Though the NIH study was admirable, not enough is being done even now by other U.S. agencies, including the Defense Department, to oversee research done by Chinese in the United States or by Americans in China, Bryen asserted.
She and Faddis agreed that if the regime of Chinese President Xi Jinping meant to use the pandemic to judge a biological warfare impact on the U.S. military, it failed. Despite the temporary withdrawal of the aircraft carrier U.S.S. Roosevelt and destroyer U.S.S. Kidd from sea duty due to coronavirus infections among sailors, the Navy remained operational. Bryen said that even among National Guard members active in pandemic-related testing, the disease did not spread extensively or virulently among the military, perhaps due to the relatively young ages of service members.
Danger of Misjudgment
But China, Russia, Iran, N. Korea, and assorted terrorist movements might have judged COVID-19’s geo-political impact differently. “When the United States turns inward” and focuses on the pandemic, the economic contraction it caused and the coming presidential election, it “does not have enough bandwidth for foreign policy,” Bryen said.
“Enemies realize this and take advantage,” she added. Hence China’s persecution of its largely Muslim Uyghur population, aggression in the South China Sea “and now harassing Japan.” To which moderator Christopher Holden of the Center for Security Policy added China’s recent clashes with India, including one that left dozens of soldiers dead along the disputed Himalayan border.
Given that “biological threats have been at the top of our intelligence targets for years,” Faddis said, U.S. spy agencies failed to provide forewarning of the coronavirus spread in Wuhan. The danger should have been confirmed at the time and from multiple sources, he asserted. Though many good people are working in the intelligence services, “the job wasn’t getting done.”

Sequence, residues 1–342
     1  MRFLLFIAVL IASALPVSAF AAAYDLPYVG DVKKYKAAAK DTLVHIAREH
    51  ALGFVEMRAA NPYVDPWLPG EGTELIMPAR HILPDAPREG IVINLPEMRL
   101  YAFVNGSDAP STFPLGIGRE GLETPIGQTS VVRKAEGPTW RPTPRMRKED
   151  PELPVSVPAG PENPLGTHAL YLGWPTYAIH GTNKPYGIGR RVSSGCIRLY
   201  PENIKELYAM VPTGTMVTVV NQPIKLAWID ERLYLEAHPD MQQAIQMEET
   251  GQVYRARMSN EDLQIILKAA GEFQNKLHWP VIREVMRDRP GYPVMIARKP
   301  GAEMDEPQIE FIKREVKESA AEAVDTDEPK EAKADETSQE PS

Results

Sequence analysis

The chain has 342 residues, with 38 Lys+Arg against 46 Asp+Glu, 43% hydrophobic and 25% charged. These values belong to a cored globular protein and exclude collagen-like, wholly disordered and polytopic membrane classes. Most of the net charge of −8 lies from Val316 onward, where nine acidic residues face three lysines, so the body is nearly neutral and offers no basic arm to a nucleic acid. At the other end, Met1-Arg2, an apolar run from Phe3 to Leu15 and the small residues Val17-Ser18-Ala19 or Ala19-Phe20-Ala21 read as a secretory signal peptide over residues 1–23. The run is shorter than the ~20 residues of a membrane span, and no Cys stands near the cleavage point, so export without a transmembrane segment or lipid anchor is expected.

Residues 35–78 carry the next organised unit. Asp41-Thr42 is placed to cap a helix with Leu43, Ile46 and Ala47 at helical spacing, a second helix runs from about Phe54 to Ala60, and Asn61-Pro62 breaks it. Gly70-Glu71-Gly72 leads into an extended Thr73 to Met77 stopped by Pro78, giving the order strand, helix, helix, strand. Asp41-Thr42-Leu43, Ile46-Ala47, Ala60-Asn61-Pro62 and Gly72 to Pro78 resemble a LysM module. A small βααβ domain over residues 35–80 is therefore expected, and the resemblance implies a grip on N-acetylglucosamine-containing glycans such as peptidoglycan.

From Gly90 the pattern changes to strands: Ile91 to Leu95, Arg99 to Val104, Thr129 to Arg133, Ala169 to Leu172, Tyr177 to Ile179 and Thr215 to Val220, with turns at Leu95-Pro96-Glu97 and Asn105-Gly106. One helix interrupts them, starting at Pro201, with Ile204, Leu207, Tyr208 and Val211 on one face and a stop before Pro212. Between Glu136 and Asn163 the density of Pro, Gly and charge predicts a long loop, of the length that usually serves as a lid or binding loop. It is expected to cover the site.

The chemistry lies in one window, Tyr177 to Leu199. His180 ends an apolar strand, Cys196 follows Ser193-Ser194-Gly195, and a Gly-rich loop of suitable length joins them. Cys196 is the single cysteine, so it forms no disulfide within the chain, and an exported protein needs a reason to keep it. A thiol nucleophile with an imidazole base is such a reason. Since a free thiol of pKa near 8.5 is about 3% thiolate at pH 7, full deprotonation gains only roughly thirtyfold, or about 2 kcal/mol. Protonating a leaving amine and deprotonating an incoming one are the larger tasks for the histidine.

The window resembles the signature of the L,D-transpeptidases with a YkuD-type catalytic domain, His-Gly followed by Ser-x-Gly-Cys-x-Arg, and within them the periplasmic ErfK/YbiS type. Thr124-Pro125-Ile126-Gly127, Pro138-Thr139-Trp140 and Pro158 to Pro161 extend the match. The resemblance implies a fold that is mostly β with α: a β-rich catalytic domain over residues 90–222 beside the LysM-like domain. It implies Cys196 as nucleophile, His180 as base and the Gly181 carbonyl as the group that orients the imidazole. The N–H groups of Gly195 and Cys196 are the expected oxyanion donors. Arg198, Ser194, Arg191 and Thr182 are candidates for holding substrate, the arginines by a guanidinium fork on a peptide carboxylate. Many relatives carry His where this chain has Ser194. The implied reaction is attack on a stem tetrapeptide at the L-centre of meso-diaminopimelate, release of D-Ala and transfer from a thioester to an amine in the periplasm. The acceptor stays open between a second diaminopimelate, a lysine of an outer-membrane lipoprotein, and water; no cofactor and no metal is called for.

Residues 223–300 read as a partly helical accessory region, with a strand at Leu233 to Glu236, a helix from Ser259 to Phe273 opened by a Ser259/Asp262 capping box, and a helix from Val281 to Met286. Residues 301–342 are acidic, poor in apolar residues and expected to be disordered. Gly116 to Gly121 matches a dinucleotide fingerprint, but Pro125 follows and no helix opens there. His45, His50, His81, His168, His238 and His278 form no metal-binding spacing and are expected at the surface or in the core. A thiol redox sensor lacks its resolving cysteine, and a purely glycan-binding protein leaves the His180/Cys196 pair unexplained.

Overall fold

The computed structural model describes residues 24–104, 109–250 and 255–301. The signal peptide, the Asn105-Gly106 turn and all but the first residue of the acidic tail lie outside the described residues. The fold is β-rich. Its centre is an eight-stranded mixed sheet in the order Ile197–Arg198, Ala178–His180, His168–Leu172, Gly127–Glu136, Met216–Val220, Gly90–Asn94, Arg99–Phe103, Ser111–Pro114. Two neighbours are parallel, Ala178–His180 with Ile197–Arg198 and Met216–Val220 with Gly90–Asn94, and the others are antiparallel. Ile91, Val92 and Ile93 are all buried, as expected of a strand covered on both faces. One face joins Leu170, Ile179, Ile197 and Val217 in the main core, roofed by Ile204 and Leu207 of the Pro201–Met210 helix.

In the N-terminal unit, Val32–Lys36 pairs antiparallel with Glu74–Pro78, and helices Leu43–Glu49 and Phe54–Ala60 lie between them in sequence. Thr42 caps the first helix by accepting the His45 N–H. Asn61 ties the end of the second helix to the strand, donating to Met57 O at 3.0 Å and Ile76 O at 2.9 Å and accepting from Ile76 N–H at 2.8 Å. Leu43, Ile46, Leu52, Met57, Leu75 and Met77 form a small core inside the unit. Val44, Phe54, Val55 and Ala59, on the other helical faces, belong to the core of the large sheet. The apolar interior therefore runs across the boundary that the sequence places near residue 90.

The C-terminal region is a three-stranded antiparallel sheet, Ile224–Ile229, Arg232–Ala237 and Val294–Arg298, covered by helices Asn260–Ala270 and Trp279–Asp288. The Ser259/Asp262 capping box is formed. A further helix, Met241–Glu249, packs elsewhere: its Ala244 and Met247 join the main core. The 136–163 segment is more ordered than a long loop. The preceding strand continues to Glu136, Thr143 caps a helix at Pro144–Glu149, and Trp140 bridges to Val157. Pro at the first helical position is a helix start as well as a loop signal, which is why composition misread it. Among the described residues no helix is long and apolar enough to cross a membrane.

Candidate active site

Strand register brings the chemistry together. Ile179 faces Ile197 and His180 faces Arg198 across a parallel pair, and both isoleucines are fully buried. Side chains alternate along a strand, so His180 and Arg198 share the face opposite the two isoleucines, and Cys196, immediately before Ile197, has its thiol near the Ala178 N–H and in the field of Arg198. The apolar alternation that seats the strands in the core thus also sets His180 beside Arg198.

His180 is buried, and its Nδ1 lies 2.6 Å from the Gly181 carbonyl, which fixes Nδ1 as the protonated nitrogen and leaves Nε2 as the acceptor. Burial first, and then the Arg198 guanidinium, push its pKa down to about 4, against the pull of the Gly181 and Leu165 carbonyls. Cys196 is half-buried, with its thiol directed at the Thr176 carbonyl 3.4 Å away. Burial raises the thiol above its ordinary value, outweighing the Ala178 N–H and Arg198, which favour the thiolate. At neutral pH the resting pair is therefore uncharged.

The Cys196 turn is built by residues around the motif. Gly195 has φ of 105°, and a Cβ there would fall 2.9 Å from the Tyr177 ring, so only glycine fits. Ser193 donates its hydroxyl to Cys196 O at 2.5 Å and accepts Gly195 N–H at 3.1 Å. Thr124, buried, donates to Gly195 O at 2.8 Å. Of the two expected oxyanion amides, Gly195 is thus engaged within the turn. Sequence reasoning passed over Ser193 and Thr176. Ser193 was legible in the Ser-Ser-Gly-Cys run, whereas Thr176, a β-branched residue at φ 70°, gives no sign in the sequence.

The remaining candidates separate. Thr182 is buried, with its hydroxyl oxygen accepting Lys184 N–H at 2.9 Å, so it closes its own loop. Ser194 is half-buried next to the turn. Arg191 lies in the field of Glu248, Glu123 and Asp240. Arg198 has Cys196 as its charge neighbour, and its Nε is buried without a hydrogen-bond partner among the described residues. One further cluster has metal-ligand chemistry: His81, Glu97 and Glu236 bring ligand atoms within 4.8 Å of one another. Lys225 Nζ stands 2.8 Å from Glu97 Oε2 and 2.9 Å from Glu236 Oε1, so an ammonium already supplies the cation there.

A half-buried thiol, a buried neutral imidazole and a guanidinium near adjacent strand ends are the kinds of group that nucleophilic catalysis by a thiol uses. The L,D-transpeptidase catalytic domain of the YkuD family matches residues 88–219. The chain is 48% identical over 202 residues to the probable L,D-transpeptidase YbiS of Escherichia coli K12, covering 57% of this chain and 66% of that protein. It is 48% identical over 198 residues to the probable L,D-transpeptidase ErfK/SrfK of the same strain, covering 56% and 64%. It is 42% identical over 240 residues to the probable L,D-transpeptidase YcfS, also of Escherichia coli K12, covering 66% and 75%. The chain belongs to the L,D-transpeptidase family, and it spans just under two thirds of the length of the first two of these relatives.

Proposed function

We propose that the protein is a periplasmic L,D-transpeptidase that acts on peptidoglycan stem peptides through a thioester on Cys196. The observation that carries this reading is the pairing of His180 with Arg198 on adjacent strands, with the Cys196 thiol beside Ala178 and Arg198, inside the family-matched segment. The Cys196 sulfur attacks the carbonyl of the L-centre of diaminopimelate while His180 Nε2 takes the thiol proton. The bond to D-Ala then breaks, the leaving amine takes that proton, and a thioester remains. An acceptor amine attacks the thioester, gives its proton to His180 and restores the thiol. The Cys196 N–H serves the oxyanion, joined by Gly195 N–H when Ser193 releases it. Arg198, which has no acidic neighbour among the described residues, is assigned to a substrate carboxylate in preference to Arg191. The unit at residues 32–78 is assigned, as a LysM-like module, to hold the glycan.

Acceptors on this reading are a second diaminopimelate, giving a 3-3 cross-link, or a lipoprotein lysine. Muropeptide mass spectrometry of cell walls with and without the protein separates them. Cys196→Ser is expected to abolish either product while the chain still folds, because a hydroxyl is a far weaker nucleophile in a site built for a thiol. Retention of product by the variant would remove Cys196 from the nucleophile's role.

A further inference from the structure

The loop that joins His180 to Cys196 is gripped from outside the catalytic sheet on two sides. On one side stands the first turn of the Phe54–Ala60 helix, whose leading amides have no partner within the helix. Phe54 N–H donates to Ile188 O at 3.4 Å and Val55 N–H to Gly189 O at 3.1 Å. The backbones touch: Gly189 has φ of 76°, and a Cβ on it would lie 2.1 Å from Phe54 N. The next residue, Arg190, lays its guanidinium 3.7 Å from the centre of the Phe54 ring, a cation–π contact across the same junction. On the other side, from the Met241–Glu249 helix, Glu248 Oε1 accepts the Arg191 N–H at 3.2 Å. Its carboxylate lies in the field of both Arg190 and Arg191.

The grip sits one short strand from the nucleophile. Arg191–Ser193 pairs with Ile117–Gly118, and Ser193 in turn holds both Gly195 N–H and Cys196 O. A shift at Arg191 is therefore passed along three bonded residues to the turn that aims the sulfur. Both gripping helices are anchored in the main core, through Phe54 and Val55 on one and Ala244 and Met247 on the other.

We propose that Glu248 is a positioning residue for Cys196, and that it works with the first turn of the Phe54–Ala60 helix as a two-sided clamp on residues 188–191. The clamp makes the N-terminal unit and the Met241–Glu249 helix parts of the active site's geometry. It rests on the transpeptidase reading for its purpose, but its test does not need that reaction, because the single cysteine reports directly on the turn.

When it comes to biological weapons, Faddis said, “there are no terrorist groups to my knowledge that do not have an interest in acquiring and using” them. Al-Qaeda and the Islamic State did and “when I was running CIA efforts against terrorists’ efforts” to acquire biological and chemical weapons, not a day passed without evidence of some attempt turning up. Their efforts may be relatively primitive, he noted, but sophisticated programs might not be necessary.
Al-Qaeda did have a complete biological weapons lab in Pakistan, Faddis noted. It aimed to weaponize anthrax.
But terrorists could learn from the COVID-19 pandemic that “there are many organisms capable of causing disruption.” Some are “easy to steal” and sophisticated distribution systems are unnecessary. “Just send infected people on airplanes.”
Terrorists or nation-state enemies analyzing the U.S. reaction to COVID-19 might conclude the country was slow to respond and beset with bureaucratic and political infighting, according to Faddis. If a terrorist group or hostile country obtained a biological agent that spread as rapidly as the COVID-19 coronavirus but was more lethal among people of military age and dispatched even a few infected persons to spread it, then waited until a pandemic raged to claim responsibility, even greater damage could be inflicted.
Terrorists interested in biological weapons “don’t need sophisticated equipment,” Faddis noted. “They can do it in an apartment with material you can buy on Amazon.”
Or, Bryen said, recalling plagues opposing side inflicted on each other in ancient Greece, without online purchases. Rotten food or infected dead animals worked before.
Faddis and Bryen, the latter with her husband Stephen Bryen, a former deputy undersecretary of defense, authored chapters in the Center for Security Policy’s new book, Defending Against Biological Threats: What We can Learn from the Coronavirus Pandemic to Enhance U.S. Defenses Against Pandemics and Biological Weapons.